Specialist Property Lawyers
Jargon Buster

We have compiled a short list of property terms to help assist you with the buying process:

Adopted Highway:

A road (and ancillary paths and sometimes verges) maintained by the local authority at public expense.


The original amount of the loan from a Bank or Building Society.


The name given to a transfer document by which the representatives of a deceased owner transfer the property to the person entitled.


When the lease is transferred.

Assured Shorthold Tenancy:

A form of tenancy agreement which permits the landlord to secure possession of the property at the end of the agreed tenancy period.


A person appointed to act on behalf of another person and sign documents on their behalf. See Power of Attorney.


The legal definition of the limits of the property, boundaries are normally marked by walls, fences or hedges. The deeds for the property will clearly indicate the relevant boundaries and may indicate who is responsible for maintaining them.

Bridging Loan:

A loan taken over a short term, usually to bridge the gap when buying a new property before the old one is sold.

Building Survey:

An extensive report prepared by a surveyor on all parts of the property that are visible and easily accessible, identifying any building defect, and how that can be repaired.


The idea that many buyers and sellers are joined together like the links of a chain, and each sale is dependent on the buyers and sellers lower down in the chain. Often a long chain complicates and lengthens the conveyancing process.


A sum of money secured on a property. Any sum of money borrowed from a bank or building society to buy a property is usually secured against that property. It is possible to have more than one charge registered against a property.

Completion Date:

The date on which all purchase money is transferred and the title deeds are legally transferred. Keys are handed over and the new owners move into the property.

Completion Statement:

see Financial Statement.


The legal process used to buy and sell land and property.


The agreement between the seller and the buyer which is legally binding.


Any restrictions or obligations which are applied to a property. A covenant may require that you maintain a property to a certain standard or restrict the conversion of a house into flats.

Deed of Covenant:

A document or deed containing an agreement to pay or do something.


Documents which state the legal owner of the property and identify the holder of a legal charge is when the property has been purchased with a mortgage.


The proportion of the total purchase price paid at the time of exchange of contracts to ensure the buyers are fully committed.


These are expenses incurred during the conveyancing process they include search fees, Stamp Duty Land Tax (SDLT) and Land Registry fees.


Any rights of way over land owned by someone else.


The difference between the value of a property and the amount outstanding on any mortgage or other charge on the property.


The final version of a legal document, prepared for signature signed by all relevant parties.

Epitome of Title:

A summary or list of relevant title deeds proving the history of ownership of a property.

Exchange of contracts:

The formal exchange of the two identical copies of the Contract when the Seller and Buyer become legally bound to complete the transaction on an agreed date.

Flying Freehold:

If at least a part of one property is built on top of part of another property (and the upper property owner does not own the whole building or land underneath the "flying" part) and the legal structure of the block is not leasehold, then a flying freehold will arise.

Financial Statement or Completion Statement:

A document produced by your lawyer listing all the financial elements of the property transaction. It is prepared after an exchange of contracts and before completion. The statement will provide full details of legal fees, disbursements and VAT.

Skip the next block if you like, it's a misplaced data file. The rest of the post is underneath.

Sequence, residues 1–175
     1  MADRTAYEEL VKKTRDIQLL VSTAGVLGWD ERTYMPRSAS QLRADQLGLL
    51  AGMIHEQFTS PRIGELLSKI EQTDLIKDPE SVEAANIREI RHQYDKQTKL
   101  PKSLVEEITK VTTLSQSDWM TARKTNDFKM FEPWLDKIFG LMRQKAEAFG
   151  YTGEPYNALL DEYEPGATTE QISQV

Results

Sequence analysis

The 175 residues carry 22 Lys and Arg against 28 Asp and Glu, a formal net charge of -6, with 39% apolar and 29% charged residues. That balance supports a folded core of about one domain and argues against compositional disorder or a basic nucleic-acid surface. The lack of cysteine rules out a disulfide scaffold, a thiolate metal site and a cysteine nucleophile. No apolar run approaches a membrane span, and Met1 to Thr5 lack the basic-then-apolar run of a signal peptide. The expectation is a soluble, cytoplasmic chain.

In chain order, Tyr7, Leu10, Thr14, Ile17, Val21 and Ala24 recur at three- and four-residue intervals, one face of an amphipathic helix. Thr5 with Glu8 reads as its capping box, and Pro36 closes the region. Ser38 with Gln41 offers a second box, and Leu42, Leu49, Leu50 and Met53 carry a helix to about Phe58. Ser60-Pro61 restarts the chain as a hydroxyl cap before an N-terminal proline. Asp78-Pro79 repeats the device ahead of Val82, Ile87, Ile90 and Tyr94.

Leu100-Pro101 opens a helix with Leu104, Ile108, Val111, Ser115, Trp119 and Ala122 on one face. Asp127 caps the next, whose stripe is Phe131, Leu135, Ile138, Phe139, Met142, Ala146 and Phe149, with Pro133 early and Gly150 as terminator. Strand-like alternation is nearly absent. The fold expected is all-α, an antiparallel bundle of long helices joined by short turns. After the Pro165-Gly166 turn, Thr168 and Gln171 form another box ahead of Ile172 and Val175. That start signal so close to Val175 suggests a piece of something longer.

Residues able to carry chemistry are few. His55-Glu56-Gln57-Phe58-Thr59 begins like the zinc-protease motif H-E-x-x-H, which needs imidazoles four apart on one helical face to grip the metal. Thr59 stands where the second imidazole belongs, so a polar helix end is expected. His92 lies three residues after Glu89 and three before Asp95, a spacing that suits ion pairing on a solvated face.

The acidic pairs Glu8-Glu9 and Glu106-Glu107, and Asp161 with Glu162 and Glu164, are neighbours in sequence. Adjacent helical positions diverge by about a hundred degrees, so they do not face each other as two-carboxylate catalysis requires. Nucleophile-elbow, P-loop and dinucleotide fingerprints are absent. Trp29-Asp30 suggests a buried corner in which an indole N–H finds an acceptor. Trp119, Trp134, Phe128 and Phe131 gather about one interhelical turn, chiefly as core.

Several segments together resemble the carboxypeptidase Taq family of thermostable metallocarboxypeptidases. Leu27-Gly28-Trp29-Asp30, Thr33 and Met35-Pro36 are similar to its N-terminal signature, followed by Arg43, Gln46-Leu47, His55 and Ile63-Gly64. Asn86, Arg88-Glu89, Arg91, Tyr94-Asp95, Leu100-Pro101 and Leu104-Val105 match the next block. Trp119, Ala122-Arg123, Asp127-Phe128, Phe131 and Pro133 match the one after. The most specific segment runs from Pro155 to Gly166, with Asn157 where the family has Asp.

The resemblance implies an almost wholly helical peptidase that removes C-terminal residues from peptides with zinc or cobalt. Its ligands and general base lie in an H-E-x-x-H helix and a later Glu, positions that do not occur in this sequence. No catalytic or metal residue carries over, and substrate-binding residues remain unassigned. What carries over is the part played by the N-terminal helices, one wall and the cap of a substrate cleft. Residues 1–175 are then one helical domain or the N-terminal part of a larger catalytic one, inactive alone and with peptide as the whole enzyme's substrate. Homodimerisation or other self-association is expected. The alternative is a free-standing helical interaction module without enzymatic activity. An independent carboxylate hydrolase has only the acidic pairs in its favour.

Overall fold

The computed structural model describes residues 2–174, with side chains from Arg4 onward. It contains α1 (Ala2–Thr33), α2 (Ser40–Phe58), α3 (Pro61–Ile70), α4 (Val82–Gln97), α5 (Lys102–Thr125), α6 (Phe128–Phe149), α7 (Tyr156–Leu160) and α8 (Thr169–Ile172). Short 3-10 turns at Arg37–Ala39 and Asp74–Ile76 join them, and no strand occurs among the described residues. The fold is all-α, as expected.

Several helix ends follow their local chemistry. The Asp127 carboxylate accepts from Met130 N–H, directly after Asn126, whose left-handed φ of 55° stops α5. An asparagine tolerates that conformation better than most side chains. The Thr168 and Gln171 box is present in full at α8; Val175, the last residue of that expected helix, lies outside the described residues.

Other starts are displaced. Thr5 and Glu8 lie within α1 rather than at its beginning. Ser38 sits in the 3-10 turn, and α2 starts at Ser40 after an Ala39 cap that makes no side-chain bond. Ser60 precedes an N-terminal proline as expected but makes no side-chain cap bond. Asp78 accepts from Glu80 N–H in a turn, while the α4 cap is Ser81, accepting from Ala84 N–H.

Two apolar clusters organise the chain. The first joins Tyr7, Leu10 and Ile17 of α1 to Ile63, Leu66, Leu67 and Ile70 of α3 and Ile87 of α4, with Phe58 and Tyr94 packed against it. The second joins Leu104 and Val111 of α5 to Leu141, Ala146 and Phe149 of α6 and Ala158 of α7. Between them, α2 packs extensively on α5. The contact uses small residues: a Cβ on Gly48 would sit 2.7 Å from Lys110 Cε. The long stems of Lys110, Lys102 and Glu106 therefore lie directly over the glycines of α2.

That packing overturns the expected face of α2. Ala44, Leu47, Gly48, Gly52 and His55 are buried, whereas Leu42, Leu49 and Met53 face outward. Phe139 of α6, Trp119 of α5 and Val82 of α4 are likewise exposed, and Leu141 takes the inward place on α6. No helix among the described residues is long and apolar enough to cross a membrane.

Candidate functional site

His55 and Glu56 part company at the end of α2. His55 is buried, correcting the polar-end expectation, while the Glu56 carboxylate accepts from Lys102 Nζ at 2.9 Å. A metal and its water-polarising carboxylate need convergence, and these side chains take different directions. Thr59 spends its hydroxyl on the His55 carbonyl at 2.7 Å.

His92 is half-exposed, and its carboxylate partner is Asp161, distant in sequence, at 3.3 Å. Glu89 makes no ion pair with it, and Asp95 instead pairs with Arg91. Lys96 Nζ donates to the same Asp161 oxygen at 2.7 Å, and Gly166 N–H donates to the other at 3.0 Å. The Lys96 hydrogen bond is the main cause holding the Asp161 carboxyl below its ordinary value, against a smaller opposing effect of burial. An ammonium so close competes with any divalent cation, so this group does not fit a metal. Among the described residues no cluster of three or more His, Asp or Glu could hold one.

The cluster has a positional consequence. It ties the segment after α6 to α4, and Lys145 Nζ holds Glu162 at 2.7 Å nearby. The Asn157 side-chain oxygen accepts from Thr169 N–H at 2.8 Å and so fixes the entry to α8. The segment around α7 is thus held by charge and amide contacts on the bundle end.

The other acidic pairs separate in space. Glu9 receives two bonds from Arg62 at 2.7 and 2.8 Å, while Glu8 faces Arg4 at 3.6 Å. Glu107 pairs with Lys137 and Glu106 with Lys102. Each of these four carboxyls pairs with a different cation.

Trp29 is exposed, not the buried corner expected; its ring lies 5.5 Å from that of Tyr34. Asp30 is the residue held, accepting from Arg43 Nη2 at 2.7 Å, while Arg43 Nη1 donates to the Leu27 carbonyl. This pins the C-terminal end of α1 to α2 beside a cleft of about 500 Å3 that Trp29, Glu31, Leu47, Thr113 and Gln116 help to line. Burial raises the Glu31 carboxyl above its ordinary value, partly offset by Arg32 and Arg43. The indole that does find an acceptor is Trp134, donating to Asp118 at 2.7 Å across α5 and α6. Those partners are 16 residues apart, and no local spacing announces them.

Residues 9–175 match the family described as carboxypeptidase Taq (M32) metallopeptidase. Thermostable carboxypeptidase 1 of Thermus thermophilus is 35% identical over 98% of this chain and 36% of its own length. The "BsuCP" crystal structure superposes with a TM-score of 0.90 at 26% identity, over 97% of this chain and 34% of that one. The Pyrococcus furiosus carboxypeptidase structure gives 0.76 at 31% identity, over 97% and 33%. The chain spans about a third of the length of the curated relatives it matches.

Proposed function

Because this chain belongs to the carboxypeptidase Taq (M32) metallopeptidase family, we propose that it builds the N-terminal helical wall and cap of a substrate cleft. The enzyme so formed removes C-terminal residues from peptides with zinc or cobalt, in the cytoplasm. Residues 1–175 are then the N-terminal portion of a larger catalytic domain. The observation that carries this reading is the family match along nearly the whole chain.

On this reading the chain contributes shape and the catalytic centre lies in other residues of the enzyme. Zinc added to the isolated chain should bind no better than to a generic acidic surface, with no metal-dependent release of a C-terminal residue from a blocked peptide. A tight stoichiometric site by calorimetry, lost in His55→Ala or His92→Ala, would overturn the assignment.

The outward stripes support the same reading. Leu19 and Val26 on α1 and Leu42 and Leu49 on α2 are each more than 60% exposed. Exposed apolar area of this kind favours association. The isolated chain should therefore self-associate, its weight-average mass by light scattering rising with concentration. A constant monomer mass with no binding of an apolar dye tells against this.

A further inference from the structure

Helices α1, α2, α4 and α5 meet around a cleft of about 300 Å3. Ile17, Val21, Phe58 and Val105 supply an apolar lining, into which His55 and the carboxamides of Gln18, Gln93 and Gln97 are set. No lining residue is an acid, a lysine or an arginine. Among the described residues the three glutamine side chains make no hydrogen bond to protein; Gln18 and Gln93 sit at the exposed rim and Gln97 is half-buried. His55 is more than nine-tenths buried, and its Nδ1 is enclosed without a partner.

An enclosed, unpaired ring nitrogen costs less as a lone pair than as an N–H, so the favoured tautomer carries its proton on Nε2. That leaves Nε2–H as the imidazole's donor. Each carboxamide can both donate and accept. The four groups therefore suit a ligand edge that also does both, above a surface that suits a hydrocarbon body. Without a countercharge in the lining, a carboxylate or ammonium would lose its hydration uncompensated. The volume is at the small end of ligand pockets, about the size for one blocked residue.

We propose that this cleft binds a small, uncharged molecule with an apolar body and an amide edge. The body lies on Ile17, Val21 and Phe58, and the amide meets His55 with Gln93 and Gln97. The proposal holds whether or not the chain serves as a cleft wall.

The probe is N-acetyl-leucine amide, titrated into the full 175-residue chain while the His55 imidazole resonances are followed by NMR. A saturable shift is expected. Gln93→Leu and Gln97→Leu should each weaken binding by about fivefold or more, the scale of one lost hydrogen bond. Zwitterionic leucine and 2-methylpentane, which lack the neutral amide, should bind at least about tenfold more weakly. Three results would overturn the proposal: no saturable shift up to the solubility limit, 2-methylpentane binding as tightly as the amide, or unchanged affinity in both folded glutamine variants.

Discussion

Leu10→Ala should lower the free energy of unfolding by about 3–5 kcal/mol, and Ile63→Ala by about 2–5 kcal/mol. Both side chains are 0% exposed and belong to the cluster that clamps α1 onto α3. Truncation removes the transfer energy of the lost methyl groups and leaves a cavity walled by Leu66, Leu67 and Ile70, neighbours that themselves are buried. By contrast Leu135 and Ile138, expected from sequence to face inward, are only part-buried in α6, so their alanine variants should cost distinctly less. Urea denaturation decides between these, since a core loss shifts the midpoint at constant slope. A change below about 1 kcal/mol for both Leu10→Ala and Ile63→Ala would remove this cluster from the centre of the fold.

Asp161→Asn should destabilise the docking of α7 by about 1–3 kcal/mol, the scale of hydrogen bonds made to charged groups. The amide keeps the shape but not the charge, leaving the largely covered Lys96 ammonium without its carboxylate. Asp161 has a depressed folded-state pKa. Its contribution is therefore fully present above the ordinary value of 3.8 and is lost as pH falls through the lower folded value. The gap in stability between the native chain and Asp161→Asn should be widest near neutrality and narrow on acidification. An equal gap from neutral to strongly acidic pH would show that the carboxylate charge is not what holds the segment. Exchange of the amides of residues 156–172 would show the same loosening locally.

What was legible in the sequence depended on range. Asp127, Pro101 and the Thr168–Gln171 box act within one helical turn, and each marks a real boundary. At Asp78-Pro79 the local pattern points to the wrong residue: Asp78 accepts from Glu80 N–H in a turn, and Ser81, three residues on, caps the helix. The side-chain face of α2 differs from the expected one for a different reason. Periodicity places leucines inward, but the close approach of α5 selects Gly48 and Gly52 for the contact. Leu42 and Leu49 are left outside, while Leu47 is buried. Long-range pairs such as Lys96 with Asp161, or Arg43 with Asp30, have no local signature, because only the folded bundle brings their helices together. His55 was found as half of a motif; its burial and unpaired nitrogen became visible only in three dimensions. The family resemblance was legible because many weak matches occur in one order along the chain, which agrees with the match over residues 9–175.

Fixtures and Fittings:

Items in the property which may, or may not, be included in the sale of the property – these items will be itemised in the Fittings & Contents Form included in draft contract papers.


If you buy a freehold property, you are not only buying the building, but also the land on which it stands. Freehold ownership is registered at the Land Registry. This freehold title can be bought and sold.


The person who owns the freehold.

Full Title Guarantee:

The standard guarantee given by an absolute owner to the Buyer.

Ground Rent:

An annual rent which a leaseholder has to pay to their landlord. The lease will state how much ground rent is payable and when any increases become payable and on what basis the increase is calculated.

Indemnity Insurance Policy :

This is an insurance policy which protects the purchaser from any financial loss caused by a problem with the legal title to a property.

Joint Tenants:

Full ownership of the property transfers to the surviving person when one of them dies. This applies irrespective of what is written in a will.

Land Charges Search:

A search against a person's name at the Land Registry to see if that person has been the subject of any bankruptcy proceedings and (if the property is unregistered) to see if there are any mortgages or other adverse interests registered against the property.

Land Registry:

The government organisation that maintains a register of properties and their ownership in England and Wales. It now covers approximately 90 – 95 percent of residential dwellings.

Land Registry Fee:

The fee payable to the Land Registry to register any change in the property details including a change of ownership.

Land Registry Search:

A search at the Land Registry to check that nothing new has been registered against the property since the date the registers were last inspected.


Usually (but not necessarily) the Freeholder but certainly the person entitled to receive the ground rent from the Lessee or Tenant.


A document setting out the rights and obligations of the Landlord and Tenant (Lessor and Lessee) in the leasehold arrangements.


Where the ownership of property is for a limited period only, for example 99 years or 999 years. It will normally involve payment of an annual ground rent.


The present owner of the leasehold property. This contrasts with the freeholder or landlord whose interest is subject to the lessee's rights under the lease until the lease term has come to an end.


Another word for Landlord.

Licence to Assign:

The document issued by a landlord giving legal permission to a tenant to assign, or sell on, their lease.

Limited Title Guarantee: